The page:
Using newly-discovered archival documents, this article reconstructs the cohesive aesthetic and social conception of children’s literature that lay behind the public appearances of writer, critic and editor Lydia Chukovskaya (1908-1994) between 1953-57. This conception rested on the idea of “truth” as a synonym for psychological authenticity and as an overcoming of the estrangement created by the clichéd mental constructions of socialist realism. The author shows that Chukovskaya’s In the Editor’s Laboratory (1960) synthesized her thoughts over the previous decade on literature and the future of Soviet culture, in the form of a utopian conception of literary editing as a means of social-moral therapy for post-Stalinist society. This conception had a noticeable effect on several young writers of the “Thaw” period. The article includes an appendix of three previously unknown speech outlines for talks Chukovskaya gave at literary discussions in the 1950s.
The article examines the now-typical condition of universities worldwide, in which the unity of research and teaching is on the decline. In Safronov’s opinion, because teaching has no palpable, materially evident results (in comparison with scientific results), it is now being deprofessionalized. Yet this deprofessionalization opens up some new opportunities for educational theory and practice. The special asymmetry in the relationship between a teacher and her/his audience might bring about new forms of educational communication, no longer the distanced professional variety, but rather one built around friendly mutual need.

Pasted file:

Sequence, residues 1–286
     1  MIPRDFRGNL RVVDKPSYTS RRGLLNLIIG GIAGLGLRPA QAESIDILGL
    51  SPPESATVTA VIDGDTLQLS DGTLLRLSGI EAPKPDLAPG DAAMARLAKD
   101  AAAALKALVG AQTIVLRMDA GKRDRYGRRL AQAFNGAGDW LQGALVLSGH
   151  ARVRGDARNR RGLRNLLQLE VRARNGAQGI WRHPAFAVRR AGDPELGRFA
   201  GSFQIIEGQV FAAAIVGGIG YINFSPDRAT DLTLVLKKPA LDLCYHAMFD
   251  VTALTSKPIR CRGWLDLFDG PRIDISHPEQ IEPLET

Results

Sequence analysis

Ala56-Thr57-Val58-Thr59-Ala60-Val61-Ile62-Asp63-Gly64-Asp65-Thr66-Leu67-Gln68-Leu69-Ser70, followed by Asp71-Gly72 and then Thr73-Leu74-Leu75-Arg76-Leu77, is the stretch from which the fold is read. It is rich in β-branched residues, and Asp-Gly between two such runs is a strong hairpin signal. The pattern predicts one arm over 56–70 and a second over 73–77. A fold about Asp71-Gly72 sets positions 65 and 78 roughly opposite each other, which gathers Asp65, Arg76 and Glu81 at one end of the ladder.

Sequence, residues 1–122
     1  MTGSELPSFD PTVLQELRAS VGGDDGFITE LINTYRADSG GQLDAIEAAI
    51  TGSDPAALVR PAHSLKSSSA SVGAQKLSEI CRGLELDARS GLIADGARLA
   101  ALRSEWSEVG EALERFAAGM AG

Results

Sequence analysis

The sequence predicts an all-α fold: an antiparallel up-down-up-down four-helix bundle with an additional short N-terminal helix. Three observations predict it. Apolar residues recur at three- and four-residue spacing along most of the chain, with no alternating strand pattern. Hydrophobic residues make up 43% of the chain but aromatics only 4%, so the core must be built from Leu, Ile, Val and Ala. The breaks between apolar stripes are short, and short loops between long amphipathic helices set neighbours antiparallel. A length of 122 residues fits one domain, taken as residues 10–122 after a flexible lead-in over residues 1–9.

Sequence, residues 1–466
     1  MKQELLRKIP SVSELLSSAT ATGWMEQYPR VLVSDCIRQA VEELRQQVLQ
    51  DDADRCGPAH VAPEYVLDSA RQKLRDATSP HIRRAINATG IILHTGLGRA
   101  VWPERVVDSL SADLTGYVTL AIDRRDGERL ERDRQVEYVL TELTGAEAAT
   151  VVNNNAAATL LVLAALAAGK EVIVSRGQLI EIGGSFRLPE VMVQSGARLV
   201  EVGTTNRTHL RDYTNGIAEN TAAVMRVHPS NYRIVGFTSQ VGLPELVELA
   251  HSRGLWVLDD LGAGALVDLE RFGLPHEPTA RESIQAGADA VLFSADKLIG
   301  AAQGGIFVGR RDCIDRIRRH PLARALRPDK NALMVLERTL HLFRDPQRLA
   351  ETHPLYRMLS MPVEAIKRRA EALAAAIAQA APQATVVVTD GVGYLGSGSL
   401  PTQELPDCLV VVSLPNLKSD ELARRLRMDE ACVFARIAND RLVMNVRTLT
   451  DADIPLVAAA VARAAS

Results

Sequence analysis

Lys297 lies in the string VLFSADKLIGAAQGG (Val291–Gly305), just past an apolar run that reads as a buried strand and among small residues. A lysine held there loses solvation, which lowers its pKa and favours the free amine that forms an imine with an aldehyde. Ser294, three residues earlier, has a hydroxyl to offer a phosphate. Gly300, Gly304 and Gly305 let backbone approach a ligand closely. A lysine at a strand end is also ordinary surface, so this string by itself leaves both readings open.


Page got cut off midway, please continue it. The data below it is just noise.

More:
This article discusses the history of large-scale Soviet boarding schools at the start of their existence. Her basic hypothesis is that the boarding schools were meant to provide answers to some of the most pressing questions of the time: what are the limits of the Soviet citizen’s personal and political freedom, what are his/her basic obligations to the state, what is the state prepared to offer in return for fulfillment of these obligations, what kind of resources exist for the country’s accelerated economic development, given the anticipated arrival of mature communism within twenty years, etc. Maiofis suggests that Nikita Khrushchev thought of the boarding schools as an unprecedented act of liberation of Soviet citizens, who had borne the burden of war and the immediate post-war troubles; at the same time, the boarding schools were meant to be an equally unprecedented act of en-serfment (or enslavement) of Soviet children. And though Khrushchev’s project was realized only in part, today’s Russian boarding schools still show a family resemblance to their predecessors.